$$ X = \int {P\left( \lambda \right)x\left( \lambda \right)d\lambda } $$
(1)
$$ Y = \int {P\left( \lambda \right)y\left( \lambda \right)} d\lambda $$
(2)
$$ Z = \int {P\left( \lambda \right)} z\left( \lambda \right)d\lambda $$
(3)

where X, Y, and Z are the tristimulus values, which give the power for each of the three primary colors to match with the color of P(λ), and from the tristimulus values the color chromaticity coordinates x and y can be determined using the following expression30,31;

$$ x = X/X + Y + Z $$
(4)
$$ y = Y/X + Y + Z $$
(5)
$$ z = Z/X + Y + Z $$
(6)

All the multichromatic wavelengths are expected to lie within the area of the chromaticity diagram. The luminescent intensity of the emission spectral measurements can be characterized using the CIE 1931 chromaticity diagram. These chromaticity coordinates are not linearly independent of each other, since they follow that x + y + z = 1 for all colors; it is therefore only necessary to quote two of the chromaticity coordinates, and these can of course be plotted on a normal two-dimensional graph.

Results and Discussion

Differential Thermal Analysis (DTA)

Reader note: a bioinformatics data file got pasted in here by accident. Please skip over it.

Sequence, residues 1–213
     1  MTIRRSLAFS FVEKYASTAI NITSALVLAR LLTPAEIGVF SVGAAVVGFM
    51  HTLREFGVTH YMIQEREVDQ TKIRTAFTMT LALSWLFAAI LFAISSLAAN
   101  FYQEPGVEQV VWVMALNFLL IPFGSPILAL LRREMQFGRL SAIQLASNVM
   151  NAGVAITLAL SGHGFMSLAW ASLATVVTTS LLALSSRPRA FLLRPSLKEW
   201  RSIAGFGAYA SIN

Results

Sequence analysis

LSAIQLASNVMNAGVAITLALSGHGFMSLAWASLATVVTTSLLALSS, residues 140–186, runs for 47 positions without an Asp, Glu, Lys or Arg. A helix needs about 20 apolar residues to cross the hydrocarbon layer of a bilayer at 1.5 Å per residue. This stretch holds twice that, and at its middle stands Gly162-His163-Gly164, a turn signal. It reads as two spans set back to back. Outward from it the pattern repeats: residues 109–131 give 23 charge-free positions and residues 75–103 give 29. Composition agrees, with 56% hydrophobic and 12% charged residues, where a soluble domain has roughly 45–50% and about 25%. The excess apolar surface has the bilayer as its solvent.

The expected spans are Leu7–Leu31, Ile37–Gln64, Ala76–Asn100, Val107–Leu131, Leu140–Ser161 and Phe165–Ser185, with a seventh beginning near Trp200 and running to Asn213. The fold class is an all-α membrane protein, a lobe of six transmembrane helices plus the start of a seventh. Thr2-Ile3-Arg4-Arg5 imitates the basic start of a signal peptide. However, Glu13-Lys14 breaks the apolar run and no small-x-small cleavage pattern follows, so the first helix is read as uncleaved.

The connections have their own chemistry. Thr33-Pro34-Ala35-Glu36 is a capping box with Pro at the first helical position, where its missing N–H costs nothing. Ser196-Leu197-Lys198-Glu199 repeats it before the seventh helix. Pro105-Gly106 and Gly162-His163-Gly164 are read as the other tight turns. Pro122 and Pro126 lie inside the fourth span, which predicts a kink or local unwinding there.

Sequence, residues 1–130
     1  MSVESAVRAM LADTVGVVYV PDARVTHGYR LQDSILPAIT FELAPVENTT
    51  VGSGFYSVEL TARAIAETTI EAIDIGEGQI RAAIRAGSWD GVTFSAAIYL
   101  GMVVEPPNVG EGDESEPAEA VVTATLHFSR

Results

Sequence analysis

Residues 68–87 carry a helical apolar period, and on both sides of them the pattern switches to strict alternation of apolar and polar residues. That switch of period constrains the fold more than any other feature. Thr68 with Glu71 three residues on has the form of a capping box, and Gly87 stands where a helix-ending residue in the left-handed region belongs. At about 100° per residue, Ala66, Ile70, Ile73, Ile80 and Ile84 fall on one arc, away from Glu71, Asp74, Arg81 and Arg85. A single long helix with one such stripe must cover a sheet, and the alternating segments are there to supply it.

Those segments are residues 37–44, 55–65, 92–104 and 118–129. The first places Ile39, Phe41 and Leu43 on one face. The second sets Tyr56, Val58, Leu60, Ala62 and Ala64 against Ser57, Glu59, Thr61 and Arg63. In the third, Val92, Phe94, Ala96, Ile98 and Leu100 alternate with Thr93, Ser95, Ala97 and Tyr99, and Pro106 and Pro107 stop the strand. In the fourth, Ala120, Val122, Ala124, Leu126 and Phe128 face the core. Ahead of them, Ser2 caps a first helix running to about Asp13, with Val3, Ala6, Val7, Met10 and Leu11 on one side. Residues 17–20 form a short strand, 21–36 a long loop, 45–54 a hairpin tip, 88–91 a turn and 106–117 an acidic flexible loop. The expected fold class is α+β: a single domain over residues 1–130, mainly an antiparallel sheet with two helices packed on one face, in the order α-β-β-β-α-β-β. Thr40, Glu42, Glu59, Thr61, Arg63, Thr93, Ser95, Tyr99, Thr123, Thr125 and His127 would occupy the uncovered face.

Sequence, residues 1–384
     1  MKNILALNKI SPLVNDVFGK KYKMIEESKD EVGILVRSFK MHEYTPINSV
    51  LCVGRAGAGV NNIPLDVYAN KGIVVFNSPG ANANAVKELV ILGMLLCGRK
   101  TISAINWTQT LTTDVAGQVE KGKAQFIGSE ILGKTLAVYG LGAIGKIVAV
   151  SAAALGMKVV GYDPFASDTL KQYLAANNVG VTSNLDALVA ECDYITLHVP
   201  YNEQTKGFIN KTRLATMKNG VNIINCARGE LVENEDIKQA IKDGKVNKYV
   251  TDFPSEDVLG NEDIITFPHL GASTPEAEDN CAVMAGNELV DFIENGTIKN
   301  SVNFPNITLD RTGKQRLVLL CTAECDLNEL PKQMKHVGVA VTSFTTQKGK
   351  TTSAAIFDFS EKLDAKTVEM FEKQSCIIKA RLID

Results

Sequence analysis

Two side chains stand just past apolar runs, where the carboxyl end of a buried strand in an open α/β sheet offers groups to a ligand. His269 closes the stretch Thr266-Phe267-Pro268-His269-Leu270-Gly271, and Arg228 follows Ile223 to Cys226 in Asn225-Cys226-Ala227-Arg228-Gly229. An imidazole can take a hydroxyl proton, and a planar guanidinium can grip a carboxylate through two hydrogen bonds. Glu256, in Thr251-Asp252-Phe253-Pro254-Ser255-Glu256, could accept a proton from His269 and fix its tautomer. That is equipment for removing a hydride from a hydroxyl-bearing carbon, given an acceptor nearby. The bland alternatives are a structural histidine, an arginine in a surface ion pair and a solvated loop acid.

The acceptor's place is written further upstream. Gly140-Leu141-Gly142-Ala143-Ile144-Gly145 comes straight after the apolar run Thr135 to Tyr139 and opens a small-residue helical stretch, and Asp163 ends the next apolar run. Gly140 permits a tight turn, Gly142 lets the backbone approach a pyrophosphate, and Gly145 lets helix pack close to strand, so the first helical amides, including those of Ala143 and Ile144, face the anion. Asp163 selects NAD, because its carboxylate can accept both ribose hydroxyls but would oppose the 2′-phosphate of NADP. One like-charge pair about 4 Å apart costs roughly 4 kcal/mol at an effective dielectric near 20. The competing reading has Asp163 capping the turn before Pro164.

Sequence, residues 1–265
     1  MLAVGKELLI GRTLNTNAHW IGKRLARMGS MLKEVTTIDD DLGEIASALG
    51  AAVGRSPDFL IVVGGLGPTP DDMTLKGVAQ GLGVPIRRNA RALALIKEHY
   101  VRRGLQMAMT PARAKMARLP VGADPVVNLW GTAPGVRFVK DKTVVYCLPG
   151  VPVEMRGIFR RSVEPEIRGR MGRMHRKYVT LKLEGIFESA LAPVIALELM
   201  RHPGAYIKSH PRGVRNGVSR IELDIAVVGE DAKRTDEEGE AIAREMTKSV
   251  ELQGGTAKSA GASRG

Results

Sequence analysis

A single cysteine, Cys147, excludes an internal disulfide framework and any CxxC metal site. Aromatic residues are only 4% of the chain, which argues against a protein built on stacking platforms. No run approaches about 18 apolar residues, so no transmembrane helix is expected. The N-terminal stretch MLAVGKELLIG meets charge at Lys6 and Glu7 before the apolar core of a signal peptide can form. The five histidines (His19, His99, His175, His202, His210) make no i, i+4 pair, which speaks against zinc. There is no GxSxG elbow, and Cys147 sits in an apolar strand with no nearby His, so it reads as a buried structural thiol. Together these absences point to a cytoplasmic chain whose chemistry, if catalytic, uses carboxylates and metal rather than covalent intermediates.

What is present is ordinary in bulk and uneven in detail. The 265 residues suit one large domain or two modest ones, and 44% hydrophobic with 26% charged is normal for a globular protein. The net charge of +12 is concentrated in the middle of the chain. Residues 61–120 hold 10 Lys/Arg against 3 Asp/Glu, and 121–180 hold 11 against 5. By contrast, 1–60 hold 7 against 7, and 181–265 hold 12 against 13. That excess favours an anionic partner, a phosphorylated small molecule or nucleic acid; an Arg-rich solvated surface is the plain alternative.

Differential thermal analyses (DTA) of un-doped and Cu-doped glasses are shown in Fig. 1. DTA thermograms revealed a broad endothermic effect corresponding to glass transition (Tg) at 598–600°C followed by a significant exothermic peak at 680–700°C corresponding to crystallization temperature (Tc). A slight decrease in both Tg and Tc were observed after adding CuO. This decrease can be attributed to a decrease in viscosity by replacing Na+, which has an ionic radius of ~ 1.8 Å, with Cu2+, which has a smaller ionic radius of ~1.35 Å, through an increase in temperature.33 This replacement will facilitate the mobility of ions leading to a slight decrease in both Tg and Tc as well as enhancing the degree of crystallization,34,35 as will be shown later by XRD.

Fig. 1
figure 1

DTA thermograms for as-quenched glasses with different Cu additions.

X-ray Powder Diffraction